‘Plenty’ can appreciate new dance production

Erica Crist

2000 Kent State dance performance alumna, Tanya Muncci, and 2005 dance performance alumna, Stephanie Lervoline, rehearse in the Gym Annex Sunday afternoon.

Credit: Steve Schirra

Dance performances usually don’t get a range of reactions from “How dare you put something so personal on stage?” to “Oh my gosh, I have never been able to express how I feel, and that is it.”

But when “Plenty: Surviving Fear and Depression” premiered in full-length form in 2003, Kimberly Karpanty said those were comments made by audience members regarding her original dance production.

“The whole work is a little different for someone who doesn’t go to the theater very often,” Karpanty said. “It’s a piece that advocates for mental health, clinical depression and anxiety as a medical illness.”

“Plenty: Surviving Fear and Depression” will be featured this weekend by the Travesty Dance Group at the Cleveland Public Theatre.

Karpanty, Rebecca Malcolm-Naib and Karen Stokes formed the Travesty Dance Group when they taught at the university together during the 1996-1997 school year.

“We liked working together, and we admired each other’s work, although it is very different in style and context,” Karpanty said. “We decided we wanted to create a small, modern, professional company so that we had an outlet other than our students.”

The national cast joining the Travesty Dance Group will include six Kent State students: Meagan Dalton, Allison DeVane, Kent Lucas, Kelly Sammon and Jennifer Woods.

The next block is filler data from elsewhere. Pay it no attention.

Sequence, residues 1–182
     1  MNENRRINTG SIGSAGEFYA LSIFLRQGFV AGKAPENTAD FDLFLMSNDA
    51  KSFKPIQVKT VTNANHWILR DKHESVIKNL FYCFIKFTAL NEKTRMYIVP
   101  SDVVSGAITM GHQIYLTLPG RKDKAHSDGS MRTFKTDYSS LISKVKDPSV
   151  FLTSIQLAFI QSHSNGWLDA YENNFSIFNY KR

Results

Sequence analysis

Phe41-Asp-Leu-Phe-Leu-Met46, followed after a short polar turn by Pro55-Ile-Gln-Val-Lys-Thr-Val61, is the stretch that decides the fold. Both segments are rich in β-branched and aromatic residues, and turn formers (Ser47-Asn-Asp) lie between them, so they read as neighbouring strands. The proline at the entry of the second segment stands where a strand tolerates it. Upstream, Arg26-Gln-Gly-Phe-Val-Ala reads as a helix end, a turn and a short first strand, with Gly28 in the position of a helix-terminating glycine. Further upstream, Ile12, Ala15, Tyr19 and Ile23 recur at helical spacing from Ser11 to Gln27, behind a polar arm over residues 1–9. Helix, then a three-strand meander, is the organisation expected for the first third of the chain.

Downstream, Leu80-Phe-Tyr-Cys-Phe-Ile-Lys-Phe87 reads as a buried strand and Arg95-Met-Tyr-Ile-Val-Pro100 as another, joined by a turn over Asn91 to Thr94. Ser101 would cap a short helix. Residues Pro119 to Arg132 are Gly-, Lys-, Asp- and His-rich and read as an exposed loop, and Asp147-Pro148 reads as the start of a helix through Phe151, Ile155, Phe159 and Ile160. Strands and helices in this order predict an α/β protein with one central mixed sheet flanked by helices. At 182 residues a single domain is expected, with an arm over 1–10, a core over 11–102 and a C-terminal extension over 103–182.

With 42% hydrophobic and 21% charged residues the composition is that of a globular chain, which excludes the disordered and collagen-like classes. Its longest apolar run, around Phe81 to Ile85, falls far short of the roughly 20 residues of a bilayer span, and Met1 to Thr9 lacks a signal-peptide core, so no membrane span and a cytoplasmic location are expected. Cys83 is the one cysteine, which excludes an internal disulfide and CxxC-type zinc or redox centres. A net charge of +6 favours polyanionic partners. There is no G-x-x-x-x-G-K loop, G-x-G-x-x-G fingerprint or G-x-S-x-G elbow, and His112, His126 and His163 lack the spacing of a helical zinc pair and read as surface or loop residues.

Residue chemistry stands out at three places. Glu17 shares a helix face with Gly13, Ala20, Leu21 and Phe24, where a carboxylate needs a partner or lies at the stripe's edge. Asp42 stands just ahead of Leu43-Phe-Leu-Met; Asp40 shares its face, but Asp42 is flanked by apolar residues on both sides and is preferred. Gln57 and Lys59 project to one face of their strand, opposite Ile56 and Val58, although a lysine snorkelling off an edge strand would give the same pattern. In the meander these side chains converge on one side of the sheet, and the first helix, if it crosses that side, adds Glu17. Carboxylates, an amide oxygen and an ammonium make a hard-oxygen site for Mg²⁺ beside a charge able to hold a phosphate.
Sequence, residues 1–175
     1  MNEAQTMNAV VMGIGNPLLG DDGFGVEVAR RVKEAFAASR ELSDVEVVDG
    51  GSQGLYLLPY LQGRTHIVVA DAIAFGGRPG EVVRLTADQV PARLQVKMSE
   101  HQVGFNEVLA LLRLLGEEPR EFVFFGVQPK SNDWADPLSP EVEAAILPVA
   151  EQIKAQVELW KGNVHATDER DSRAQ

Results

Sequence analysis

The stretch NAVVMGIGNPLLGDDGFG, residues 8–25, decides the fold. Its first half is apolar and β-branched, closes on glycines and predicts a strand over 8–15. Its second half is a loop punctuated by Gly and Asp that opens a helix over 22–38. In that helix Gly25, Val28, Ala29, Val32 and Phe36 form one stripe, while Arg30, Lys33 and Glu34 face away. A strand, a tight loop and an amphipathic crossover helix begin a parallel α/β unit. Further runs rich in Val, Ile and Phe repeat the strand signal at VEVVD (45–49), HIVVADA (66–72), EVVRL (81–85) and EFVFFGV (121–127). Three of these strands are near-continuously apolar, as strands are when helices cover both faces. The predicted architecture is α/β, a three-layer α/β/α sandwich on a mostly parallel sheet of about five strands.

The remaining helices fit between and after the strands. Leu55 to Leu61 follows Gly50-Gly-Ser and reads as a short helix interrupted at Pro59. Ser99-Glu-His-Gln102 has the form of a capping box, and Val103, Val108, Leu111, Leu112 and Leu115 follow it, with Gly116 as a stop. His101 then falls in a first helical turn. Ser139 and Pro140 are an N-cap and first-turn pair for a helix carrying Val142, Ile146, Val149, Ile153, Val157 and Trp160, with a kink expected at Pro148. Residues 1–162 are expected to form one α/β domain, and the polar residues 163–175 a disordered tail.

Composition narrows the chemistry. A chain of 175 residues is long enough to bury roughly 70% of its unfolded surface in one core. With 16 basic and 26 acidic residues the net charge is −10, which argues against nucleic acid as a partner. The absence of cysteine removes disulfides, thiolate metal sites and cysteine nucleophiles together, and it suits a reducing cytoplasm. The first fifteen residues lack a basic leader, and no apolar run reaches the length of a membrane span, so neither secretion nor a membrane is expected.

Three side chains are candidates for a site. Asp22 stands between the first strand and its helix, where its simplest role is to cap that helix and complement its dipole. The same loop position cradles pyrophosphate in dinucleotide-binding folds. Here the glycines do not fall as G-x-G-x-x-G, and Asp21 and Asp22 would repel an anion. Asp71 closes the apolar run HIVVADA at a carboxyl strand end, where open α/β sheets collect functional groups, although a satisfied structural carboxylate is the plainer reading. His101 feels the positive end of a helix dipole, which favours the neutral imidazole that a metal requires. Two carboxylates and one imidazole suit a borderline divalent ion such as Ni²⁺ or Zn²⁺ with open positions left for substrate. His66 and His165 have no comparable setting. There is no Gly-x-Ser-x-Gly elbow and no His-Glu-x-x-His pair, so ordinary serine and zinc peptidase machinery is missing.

“My contribution is to show the audience my individual struggle, although we’re all doing the same movements,” said Lucas, junior dance performance major.

Community members will also be taking part in this piece. Family members will stand up and speak about how the disease affects more than just the person with the diagnosis, Karpanty said.

In addition to those personal readings, there will also be video clips and readings of R.C. Gardner poetry by the dancers.

“It’s a new experience for me,” said Dalton, junior dance performance major. “As dancers, we’re trained to use our bodies, and when we’re asked to read text it can be uncomfortable.”

Overall, Karpanty said that the show puts a positive spin on the fact that you can still treat something that isn’t curable.

“If I reach one person who recognizes symptoms enough to get early treatment or to get a diagnosis,” Karpanty said, “or if I inspire one family member or loved one to hang in there, then it’s worth it.”

After the performance on Saturday night, Karpanty and a nurse will be available to speak with audience members.

In addition to the performance itself, Karpanty said there will be an exhibit of photographs right next door. “Nothing to Hide: Mental Illness in the Family” will be in a free window display at the Detroit Shoreway Community Development Organization’s Kennedy Building.

The Travesty Dance Group has been on campus all week teaching technique classes and choreography workshops to students in the School of Theatre and Dance.

“It’s neat to work with people outside of Kent who are at a professional level,” said DeVane, junior dance performance major.

Woods, senior dance education major, said she thinks it’s good for dancers to experience different styles of movement and teaching.

“Considering some dance students may only have two teachers all year, we can learn a lot from them,” she said.

Contact performing arts reporter Erica Crist at [email protected].




ƒ-S 8 p.m. on Friday and Saturday, 2 p.m. on Sunday

ƒ-S At the Cleveland Public Theater/ Gordon Square

ƒ-S For tickets visit cptonline.org or call the box office at (216) 631-2727 ext. 501

ƒ-S $17 for general admission, $10 for students and senior citizens with ID